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Webinar examines relationship between women and Alzheimer’s disease

Dr. Jessica Caldwell, director of clinical training in neuropsychology and director of the Women’s Alzheimer’s Movement Prevention Center at the Cleveland Clinic in Las Vegas, above, will give an “Optimizing Brain Health” webinar titled “Women and Alzheimer’s Disease” with Dr. Ida Crocker-Sabbagh, a certified family physician, on Tuesday, Dec. 8.
Courtesy of the Cleveland Clinic

What: Alzheimer’s Association’s “Optimizing Brain Health” webinar, “Women and Alzheimer’s Disease”

When: 6 p.m. on Tuesday, Dec. 8.

Registration: Email Amanda Charles at aecharles@alz.org

Web: Alz.org

Women and Alzheimer’s Disease have a troublesome relationship.

In 2013, the National Center for Biotechnology Information reported that two-thirds of the people in the United States who have an Alzheimer’s disease diagnosis are women.

Taking that a step further, the Alzheimer’s Association, a nonprofit that supports Alzheimer’s disease research, reported more than 60% of all caregivers of those who have Alzheimer’s or other forms of dementia are women.



At 6 p.m. on Dec. 8, the Alzheimer’s Association will address these issues and more when it continues its “Optimizing Brain Health” virtual series with a presentation focusing on women and Alzheimer’s disease. Information about how to access the webinar will be given at the time of registration. To register, email Amanda Charles at aecharles@alz.org.

The webinar will be given by Dr. Jessica Caldwell, director of clinical training in neuropsychology and director of the Women’s Alzheimer’s Movement Prevention Center at the Cleveland Clinic in Las Vegas, and Dr. Ida Crocker-Sabbagh, a certified family physician at the clinic.



“We will discuss sex disparities in Alzheimer’s disease, and why women are more at risk of being diagnosed than men,” Caldwell said. “We’ll also talk about caregiving, and why that responsibility often falls more on women.”

The webinar also will touch on prevention, and the two doctors will discuss what they do at the Women’s Alzheimer’s Movement Prevention Center.

“Our primary goal is to help women as patients reduce the risk of Alzheimer’s Disease,” Caldwell said. “Because prevention is a relatively new clinical practice and we’re the only clinic in the country that is specific to women, we need to keep science at the heart of what we do as well.”

The center, which opened a few months ago, is also in the process of developing its Alzheimer’s disease research programs, according to Caldwell.

“Before we opened, I had been involved in research in sex differences in Alzheimer’s disease for the last four years,” she said.

Her research was funded by the National Institutes of Health and the Women’s Alzheimer’s Movement, a nonprofit founded by Maria Shriver that raises awareness of the increased risk women have for an Alzheimer’s diagnosis.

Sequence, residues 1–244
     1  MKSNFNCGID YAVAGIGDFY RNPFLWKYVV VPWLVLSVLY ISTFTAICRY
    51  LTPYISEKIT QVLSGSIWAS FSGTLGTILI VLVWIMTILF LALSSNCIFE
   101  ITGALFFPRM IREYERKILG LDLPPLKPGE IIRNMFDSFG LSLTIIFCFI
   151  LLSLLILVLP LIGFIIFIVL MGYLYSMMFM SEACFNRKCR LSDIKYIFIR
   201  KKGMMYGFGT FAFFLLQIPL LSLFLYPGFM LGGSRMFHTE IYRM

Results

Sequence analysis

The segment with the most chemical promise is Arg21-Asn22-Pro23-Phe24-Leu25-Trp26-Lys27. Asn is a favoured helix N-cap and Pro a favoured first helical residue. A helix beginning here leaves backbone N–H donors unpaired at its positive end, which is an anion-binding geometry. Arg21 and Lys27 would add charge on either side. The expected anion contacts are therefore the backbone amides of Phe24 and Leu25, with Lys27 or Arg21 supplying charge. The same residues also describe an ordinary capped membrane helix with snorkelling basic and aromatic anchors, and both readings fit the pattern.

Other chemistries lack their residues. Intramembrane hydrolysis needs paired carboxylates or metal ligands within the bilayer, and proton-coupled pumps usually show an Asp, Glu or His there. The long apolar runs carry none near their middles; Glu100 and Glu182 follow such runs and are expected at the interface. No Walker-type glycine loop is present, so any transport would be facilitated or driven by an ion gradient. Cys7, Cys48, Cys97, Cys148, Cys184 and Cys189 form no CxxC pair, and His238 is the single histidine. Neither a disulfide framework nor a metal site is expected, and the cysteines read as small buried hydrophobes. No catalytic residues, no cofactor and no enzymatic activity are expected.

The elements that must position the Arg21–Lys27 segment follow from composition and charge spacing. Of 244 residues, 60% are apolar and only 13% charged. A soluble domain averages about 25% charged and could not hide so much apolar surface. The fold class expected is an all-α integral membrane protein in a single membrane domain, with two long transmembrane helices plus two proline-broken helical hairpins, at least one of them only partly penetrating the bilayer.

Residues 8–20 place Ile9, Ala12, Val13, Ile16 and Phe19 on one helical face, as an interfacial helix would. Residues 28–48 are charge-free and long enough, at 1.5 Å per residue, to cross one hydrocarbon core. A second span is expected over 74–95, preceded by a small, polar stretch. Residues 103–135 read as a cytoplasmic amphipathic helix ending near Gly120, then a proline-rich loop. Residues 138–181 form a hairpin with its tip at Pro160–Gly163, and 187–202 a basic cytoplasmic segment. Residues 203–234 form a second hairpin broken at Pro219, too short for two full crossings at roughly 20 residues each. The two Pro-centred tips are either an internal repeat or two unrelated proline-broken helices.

Four years ago, Caldwell, who has a total of eight years research experience, answered the call when Shriver approached the clinic and asked if anyone would be interested in positions to study Alzheimer’s disease.

“What I found in my research is that women have better verbal memory than men, which would seem like an advantage,” Caldwell said. “But when Alzheimer’s starts, that advantage may keep us from getting diagnosed because of the tests we use.”

Still, Caldwell and her team are starting to understand how that advantage relates to the structure of the brain.“We take those things back to practice or to study in order to make them ready for prevention practice,” she said.

While one of the center’s goals is prevention, there is no guarantee for the prevention of Alzheimer’s, Caldwell said.

“We can give a comprehensive assessment of the risk and a plan of how to get started on modifying those risks,” she said.

Modifiers include physical activity and diet.

“We know at this point that having low physical activity increases the risk, and we are still learning what physical activity can do,” she said. “We (already) know it can reduce depression, stress and directly impact the brain’s memory systems by increasing levels of chemicals that support memory.”

Research has also determined that certain types of diets help people live longer and age better, Caldwell said.

“Still, diet is a wide area, and there is a lot to be discussed regarding vitamins, minerals and intake,” she said.

Caldwell and Crocker-Sabbagh will also address caretaking and its consequences in terms of career and personal health.

There have been studies where the caregiver will pass away from a condition that is exacerbated by the emotional and physical stress before a patient does, according to Caldwell.

“Many women are also taking care of parents, which makes them potentially an at-risk caregiver,” Caldwell said. “Caregiving can take a lot of time and activity, which will prevent them from doing those preventive measures.”


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